Hay fever (Allergic Rhinitis)
Hay fever is the common term for seasonal allergic rhinitis. It is an allergy to pollen and mould spores. These substances attack the nose, throat and the eyes, causing an irritation and inflammation to the membranes.
Who gets it?
Roughly two to three million people suffer from hay fever each summer. Pollen from trees, plants and grasses is produced at different times and this affects the time of year when people will suffer. Tree blossom usually produces pollen in the spring, grasses and flowers have pollen in the summer, and mould spores are in the air in autumn. A tendency to suffer allergies is often hereditary. Hay fever sufferers are more prone to other conditions such as asthma and eczema.
What are the symptoms?
Hay fever is a chronic condition, characterised by frequent sneezing, runny or blocked nose, red, itchy and watery eyes. The symptoms vary and may last from days to weeks. They usually appear first in childhood and gradually disappear by the age of 30 to 40 years. Often there is itchiness in the roof of the mouth, loss of smell and taste, headache, dry and sore throat and sleep disturbance. These are signs of the immune system reacting to the pollen grains by producing histamine, which inflames the lining membranes of tissues.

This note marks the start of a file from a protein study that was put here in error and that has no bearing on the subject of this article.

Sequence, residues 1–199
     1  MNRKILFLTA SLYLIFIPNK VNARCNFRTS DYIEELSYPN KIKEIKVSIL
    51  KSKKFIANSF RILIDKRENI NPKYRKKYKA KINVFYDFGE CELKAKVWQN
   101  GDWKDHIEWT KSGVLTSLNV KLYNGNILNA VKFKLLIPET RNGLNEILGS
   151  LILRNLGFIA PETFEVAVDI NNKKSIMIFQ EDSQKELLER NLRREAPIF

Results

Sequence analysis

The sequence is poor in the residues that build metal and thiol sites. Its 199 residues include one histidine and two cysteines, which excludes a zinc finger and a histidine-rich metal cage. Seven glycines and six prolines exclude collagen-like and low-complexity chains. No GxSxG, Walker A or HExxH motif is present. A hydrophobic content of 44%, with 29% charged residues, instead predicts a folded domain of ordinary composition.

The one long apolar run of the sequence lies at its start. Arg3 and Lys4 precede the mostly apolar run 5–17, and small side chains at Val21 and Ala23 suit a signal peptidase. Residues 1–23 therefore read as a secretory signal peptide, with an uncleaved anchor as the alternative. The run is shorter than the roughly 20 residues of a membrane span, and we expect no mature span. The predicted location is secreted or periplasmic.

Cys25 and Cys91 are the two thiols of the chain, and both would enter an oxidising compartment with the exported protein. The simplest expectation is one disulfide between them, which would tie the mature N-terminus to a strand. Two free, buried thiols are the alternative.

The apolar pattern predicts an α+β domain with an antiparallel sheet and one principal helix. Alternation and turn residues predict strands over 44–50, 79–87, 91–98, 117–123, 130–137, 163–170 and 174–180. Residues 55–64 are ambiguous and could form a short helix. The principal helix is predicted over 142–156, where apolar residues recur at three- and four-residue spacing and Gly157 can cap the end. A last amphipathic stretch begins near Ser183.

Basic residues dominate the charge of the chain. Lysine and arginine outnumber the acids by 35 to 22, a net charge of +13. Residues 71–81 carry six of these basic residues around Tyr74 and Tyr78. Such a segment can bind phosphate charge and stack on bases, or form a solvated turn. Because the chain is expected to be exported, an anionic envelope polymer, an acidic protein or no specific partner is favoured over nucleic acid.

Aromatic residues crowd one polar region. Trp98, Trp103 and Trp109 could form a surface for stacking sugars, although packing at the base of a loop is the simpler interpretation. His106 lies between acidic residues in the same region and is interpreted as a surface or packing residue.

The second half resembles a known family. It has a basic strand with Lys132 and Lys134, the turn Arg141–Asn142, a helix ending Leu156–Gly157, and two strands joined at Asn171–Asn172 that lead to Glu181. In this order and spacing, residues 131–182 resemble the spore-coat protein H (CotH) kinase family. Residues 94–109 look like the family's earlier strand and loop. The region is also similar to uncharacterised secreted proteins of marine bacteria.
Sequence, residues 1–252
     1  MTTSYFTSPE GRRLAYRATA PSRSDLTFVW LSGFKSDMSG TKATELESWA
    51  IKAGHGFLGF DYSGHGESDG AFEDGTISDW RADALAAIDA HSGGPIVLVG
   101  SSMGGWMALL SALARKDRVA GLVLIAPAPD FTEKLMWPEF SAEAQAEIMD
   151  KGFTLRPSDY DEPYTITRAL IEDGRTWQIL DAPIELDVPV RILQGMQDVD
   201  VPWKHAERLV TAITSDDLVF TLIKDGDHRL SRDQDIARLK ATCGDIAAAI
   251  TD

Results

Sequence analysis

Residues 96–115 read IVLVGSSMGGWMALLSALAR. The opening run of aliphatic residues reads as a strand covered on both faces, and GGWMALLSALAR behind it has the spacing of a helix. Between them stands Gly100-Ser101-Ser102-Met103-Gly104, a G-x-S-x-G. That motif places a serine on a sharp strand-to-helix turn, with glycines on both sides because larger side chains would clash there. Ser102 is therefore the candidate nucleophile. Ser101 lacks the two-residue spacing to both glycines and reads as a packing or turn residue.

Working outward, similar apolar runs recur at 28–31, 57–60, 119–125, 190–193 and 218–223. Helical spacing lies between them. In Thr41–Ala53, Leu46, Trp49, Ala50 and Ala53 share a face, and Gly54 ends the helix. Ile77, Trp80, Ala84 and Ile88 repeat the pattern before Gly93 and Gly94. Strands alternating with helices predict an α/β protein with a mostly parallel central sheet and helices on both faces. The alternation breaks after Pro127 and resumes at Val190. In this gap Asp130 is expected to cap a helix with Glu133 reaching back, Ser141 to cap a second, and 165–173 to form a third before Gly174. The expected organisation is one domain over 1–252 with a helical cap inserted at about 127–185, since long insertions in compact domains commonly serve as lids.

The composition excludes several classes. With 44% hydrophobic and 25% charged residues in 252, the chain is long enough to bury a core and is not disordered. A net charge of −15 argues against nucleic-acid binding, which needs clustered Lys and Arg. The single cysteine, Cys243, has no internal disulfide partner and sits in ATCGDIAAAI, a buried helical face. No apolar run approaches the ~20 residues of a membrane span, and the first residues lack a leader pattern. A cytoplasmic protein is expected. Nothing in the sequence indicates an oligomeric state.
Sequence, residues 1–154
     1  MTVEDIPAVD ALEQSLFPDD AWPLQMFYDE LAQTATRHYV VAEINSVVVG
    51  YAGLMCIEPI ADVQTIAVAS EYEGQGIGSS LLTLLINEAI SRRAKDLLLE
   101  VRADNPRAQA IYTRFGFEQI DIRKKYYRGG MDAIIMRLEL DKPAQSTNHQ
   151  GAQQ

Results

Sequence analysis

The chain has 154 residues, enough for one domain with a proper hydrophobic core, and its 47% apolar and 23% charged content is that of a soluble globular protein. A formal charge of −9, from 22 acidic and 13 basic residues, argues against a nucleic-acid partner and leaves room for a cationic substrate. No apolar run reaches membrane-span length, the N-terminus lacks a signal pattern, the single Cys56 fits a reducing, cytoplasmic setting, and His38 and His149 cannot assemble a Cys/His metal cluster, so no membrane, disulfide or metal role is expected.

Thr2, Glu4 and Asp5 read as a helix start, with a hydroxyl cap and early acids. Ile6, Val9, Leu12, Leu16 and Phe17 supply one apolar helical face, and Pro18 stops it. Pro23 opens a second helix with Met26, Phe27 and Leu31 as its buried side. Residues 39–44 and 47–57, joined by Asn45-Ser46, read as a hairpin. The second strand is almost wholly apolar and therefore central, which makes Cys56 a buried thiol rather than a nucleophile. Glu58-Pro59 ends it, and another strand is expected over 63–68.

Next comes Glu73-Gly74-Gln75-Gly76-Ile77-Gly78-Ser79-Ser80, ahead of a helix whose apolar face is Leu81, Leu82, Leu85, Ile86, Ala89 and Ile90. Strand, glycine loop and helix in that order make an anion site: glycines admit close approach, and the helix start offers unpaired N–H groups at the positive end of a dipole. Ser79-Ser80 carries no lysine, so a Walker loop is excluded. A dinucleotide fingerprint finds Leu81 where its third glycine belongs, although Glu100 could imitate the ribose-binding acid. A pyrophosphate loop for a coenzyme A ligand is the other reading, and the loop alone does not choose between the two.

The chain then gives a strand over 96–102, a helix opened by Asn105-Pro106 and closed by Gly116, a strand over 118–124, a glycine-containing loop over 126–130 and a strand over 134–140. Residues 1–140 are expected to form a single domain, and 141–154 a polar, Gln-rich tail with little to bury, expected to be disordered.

How is it diagnosed?
Often it will be enough to tell the doctor when and where your symptoms occur. Skin tests and blood tests may help confirm the diagnosis.
What is the treatment?
It is important to try to avoid substances that provoke the allergic reaction. However, this can be impossible. Medicines that can be taken are:
*Antihistamine tablets to reduce the symptoms.
*Steroid nasal sprays to reduce inflammation.
*Preventative eye drops can be used daily throughout the pollen season.
*Severe hay fever may need to be treated by oral steroids. These will usually be given as a short course of tablets during severe attacks.
Some antihistamines may make you sleepy, it is important to tell your doctor if you operate or drive machinery. However most people can control their symptoms adequately with a nasal steroid, with or without oral histamine. These can be bought over the counter.
How to help yourself
* You can check for high pollen count in the newspaper, TV or radio.
* Avoid being outside in the summer between 5pm and 7pm ands keep windows and doors closed.
* Sleep with your windows closed.
* Avoid areas of long grass and mowing the lawn. If necessary, wear a mask and wrap-around sunglasses.
*Choose holidays by the sea or in the mountains where the pollen count is low.